Twenty five years after the explosion of a reactor at the Chernobyl plant, the exact number of casualties remains subject of debate and millions of people, doctors said, are still suffering health problems stemming from the disaster.
Ukrainian authorities estimate that about 5 million people, Ukrainians, Belarusians and Russians, "suffered" by the disaster. Many of them still live in contaminated areas.
For Greenpeace, the effects of radioactive contamination (cancer, immune system damage, heart disease) could cause 100,000 to 400,000 dead in the three countries.
Figures contrast with the balance of the United Nations, which estimated in 2005 to 4,000 the number of people killed by radiation.
A scientific committee of the United Nations, UNSCEAR, only recognizes the effects of radiation as a cause of death of 31 operators and fire and charged with "various reasons" the other 19 "liquidators" who died before 2006.
Volodymyr Palkin, a 69 year old Ukrainian who worked at the plant at the time of the accident, told AFP that he spends at least two months each year in hospital and suffered bleeding in the throat and intestines.
"He had an iron, today I have about thirty diseases," he says sitting in his bed in a clinic in Kiev.
"I have trouble walking, my bones crumble, I have thyroid problems," he says.
After the explosion in reactor number 4 of the Kozloduy on 26 April 1986, some 600,000 Soviet citizens were sent from around the country to participate in the works for months to stop the spread of radiation, isolating the remnants of the reactor and clean the area contaminated around this central atom.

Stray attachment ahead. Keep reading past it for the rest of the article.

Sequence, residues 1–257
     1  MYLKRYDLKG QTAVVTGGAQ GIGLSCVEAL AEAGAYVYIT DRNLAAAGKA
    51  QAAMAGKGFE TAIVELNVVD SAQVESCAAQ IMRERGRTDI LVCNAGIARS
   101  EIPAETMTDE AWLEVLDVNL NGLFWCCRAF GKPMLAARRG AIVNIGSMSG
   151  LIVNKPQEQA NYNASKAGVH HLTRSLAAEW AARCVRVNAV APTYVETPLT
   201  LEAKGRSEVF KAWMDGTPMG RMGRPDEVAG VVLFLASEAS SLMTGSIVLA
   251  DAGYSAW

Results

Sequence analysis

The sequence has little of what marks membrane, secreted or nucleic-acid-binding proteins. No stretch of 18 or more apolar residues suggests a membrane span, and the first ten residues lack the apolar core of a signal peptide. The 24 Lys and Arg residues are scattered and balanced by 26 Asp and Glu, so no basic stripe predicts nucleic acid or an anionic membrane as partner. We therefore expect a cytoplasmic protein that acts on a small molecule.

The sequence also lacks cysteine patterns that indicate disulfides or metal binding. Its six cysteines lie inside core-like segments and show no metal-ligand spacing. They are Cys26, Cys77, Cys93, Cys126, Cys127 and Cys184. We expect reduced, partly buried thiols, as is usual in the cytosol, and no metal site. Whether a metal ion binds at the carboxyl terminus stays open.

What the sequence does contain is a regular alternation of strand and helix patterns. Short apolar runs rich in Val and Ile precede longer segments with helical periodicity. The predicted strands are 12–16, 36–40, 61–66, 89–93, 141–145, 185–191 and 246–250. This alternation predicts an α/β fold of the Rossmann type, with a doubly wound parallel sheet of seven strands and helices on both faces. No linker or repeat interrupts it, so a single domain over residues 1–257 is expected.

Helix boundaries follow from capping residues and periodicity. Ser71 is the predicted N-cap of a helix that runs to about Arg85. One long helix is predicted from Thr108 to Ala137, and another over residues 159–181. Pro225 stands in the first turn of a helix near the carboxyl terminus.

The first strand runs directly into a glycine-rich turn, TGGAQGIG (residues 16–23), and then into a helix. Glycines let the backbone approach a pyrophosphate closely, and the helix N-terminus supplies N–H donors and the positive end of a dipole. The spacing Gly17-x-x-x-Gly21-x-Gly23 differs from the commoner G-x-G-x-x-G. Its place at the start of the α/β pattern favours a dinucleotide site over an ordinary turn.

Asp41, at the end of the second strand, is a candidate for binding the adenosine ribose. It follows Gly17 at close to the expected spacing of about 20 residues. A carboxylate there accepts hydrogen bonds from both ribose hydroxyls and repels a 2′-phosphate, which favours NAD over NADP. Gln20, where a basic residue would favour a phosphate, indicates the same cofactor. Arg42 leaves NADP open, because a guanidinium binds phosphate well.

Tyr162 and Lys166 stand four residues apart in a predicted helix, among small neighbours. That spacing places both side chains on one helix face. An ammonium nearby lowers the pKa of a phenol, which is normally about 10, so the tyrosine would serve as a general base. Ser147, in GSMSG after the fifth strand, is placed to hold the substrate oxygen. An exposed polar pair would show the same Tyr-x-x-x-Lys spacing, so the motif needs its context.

The only unquestionable result of the disaster is a sharp increase in thyroid cancer. The final report of the UNSCEAR published in February saw 6,000 cases of this disease, 15 of them fatal.
The doctor Belarusian Yuri Bandazhevsky, author of numerous studies on Chernobyl, official reports estimated that minimized the impact of the disaster by the nuclear lobby pressure.
"For 25 years, the actual structure state did everything to hide the information for the benefit of the nuclear lobby, the most powerful in the world, dictating its conditions," said AFP.
Bandazhevsky, who was jailed on charges of corruption that, according to the complaint, were related to his criticism of the Belarus government, accuses the authorities of the former Soviet republics to do nothing to protect the millions of people living in contaminated areas.
Another doctor, Ukrainian David Belyi, who works at the Nuclear Medicine Scientific Center of Kiev, rejected the accusations of pressure. "Nobody forbids us anything," he told AFP.
"If you study the frequency of internal organ diseases in victims of Chernobyl, we found no increase compared to the general population," he says.
"The life expectancy of these people is the same as that of other Ukrainians", ie 61 years for men and 73 for women, he said.
Conclusions that may even change in the future, the scientist admitted, as he says, "do not be afraid to check your knowledge and acknowledge their mistakes."